The Bio-Based Industries Joint Undertaking, abbreviated as BBI JU, is in the final stages of the procedure to award funding for new research and development proposals. BBI JU is a €3.7 billion Public-Private Partnership between the EU and the Bio-based Industries Consortium. I participated in the evaluation of the 144 proposals that were submitted in answer to the last Call, the fifth of the seven Calls for Proposals planned.
Taking a look in the kitchen of BBI JU teaches you a lot about the strict organization and the very well organized process needed to secure that the submitted proposals are evaluated according to the same standard. It also shows you the hard work underlying the final evaluation of all those involved, aimed at the selection of the excellent, the best of the best, proposals. But paradoxically, these efforts do not automatically result in the selection of the most promising proposals.
Language determines the results of Calls for Proposals
The English language, the lingua franca of the EU, determines the final outcome of a Call, but language proves a difficult instrument to utilize. When describing a Call, the challenge is to make a choice of English language to combine various goals. Calls for Proposals should be clearly understandable for non-native speakers, but unequivocally define the requested goals. And the English should also offer sufficient detail to define the specific aspects a particular proposal has to comply with, while at the same time not hinting at the actions deemed necessary to reach the defined goals.
But the concise Calls by BBI JU do not very well explain the definitions and concepts applied. That is very well when all actors and stakeholders involved have a mutual understanding of these concepts. Unfortunately, in the current bio-economy, concepts such as pretreatment of biomass, or trade market, or cascade use of biomass, are not yet commonly explained and therefore this leaves room for interpretation.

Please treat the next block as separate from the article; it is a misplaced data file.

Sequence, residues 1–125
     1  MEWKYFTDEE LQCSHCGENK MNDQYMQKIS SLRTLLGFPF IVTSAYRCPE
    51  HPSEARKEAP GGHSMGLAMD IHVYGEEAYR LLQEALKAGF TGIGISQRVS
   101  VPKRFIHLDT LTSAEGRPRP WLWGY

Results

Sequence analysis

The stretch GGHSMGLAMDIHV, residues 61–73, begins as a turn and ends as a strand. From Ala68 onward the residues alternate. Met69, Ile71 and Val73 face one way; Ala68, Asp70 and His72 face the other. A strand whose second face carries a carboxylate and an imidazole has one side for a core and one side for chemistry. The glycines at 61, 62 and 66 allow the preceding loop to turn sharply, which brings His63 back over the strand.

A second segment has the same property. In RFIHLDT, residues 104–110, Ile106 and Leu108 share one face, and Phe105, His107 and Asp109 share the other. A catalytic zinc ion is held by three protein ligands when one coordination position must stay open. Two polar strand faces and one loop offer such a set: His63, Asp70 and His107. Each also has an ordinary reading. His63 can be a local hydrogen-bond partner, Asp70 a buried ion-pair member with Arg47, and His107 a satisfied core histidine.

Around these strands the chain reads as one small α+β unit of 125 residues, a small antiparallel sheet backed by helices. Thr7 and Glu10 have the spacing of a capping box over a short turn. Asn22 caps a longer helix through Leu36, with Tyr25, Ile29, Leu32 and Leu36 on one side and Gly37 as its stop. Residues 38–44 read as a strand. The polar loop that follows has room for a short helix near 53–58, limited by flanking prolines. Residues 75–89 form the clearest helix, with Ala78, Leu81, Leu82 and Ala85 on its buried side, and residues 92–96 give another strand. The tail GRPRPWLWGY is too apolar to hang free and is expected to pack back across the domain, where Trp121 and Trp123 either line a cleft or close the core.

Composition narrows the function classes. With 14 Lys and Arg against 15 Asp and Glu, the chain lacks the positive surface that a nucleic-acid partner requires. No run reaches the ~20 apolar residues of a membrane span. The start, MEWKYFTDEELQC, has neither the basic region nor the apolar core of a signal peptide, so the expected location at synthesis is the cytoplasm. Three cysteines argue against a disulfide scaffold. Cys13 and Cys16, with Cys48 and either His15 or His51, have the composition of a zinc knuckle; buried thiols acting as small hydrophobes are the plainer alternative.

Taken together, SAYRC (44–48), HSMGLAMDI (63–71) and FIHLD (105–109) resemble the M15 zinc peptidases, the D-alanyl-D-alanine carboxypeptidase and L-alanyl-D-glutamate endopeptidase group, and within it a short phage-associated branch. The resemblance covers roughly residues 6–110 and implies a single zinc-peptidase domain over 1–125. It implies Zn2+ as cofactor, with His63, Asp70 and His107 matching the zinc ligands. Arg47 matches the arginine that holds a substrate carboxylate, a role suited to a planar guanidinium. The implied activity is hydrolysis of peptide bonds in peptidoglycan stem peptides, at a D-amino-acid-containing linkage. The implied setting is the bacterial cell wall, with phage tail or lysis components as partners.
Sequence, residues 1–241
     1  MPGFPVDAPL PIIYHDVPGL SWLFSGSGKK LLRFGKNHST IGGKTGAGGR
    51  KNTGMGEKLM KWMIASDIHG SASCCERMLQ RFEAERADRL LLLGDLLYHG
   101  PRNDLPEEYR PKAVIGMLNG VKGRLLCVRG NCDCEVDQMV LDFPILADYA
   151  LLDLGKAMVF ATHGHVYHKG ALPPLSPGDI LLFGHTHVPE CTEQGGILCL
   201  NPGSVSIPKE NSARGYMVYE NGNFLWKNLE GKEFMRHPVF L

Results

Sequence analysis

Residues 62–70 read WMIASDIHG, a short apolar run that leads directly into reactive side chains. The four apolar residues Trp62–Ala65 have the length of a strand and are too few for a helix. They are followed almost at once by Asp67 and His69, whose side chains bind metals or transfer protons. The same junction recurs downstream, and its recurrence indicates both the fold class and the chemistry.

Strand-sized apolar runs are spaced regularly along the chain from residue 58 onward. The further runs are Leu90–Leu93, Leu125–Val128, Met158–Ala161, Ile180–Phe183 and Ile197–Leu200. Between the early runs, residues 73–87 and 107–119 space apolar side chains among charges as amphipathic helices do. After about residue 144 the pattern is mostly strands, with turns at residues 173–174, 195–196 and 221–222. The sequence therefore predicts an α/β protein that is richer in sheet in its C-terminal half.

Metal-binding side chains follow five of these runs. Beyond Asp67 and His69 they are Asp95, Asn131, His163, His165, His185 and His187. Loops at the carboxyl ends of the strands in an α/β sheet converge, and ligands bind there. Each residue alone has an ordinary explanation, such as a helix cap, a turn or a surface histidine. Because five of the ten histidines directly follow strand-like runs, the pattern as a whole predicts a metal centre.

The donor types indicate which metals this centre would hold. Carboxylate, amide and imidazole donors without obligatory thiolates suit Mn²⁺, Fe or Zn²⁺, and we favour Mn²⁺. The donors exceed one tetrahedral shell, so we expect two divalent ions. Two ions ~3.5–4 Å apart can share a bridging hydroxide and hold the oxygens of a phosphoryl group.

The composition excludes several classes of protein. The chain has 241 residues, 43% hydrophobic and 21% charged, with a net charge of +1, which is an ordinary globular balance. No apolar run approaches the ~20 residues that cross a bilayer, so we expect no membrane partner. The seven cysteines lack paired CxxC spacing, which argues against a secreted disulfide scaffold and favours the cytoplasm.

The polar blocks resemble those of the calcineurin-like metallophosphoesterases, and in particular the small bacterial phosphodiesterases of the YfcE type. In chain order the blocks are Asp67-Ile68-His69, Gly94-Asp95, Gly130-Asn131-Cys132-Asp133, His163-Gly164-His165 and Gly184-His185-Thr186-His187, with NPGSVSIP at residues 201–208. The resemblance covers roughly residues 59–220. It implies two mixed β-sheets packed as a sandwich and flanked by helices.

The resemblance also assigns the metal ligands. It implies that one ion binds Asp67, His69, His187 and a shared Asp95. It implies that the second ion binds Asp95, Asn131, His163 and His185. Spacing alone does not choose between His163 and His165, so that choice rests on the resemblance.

Next to this, the language used to evaluate proposals is not without limitations. Ideally, all competing proposals that answer a specific Call will offer ‘more of the same’, and the excellence of a proposal lies in the details that make it different from the other proposals. Inescapably, Calls for Proposals that offer room for interpretation will result in greater disparity between proposals. In all cases, the problem is that simple and compact language is pursued to support a comparable evaluation, and that this results in uniform, but mediocre language use.
Almost by definition, every simplification will be accompanied by a narrowing of prospects. Thus, the compact language pursued leaves insufficient prospects to describe either differing essential details, or different actions proposed; the meaning and details of proposals are lost. And this explains the paradox: proposals that most straightforwardly correspond to the common language spoken during a Call-procedure are selected as ‘excellent’.
I think language is of limited use to clearly describe specific bio-based challenges as pursued by BBI JU Calls. Fortunately, there are communication alternatives, like mathematics, info-graphics, pictures, drawings, maps, schemes. Submitted proposals do use such alternatives to help to describe what they intend, unfortunately only to a very limited extent. The BBI JU Calls for Proposals do not use such alternatives at all.
Alternatives could help to explain definitions and concepts more clearly in a very concise way, leaving less room for interpretation. Not using them is a missed opportunity. Communication alternatives mitigate the unforeseen impact of language, and thus can help to highlight the essential differences between proposals. This could offer better changes for proposals to be selected as ‘excellent’.
This article was also published on Wijnand’s personal blog.
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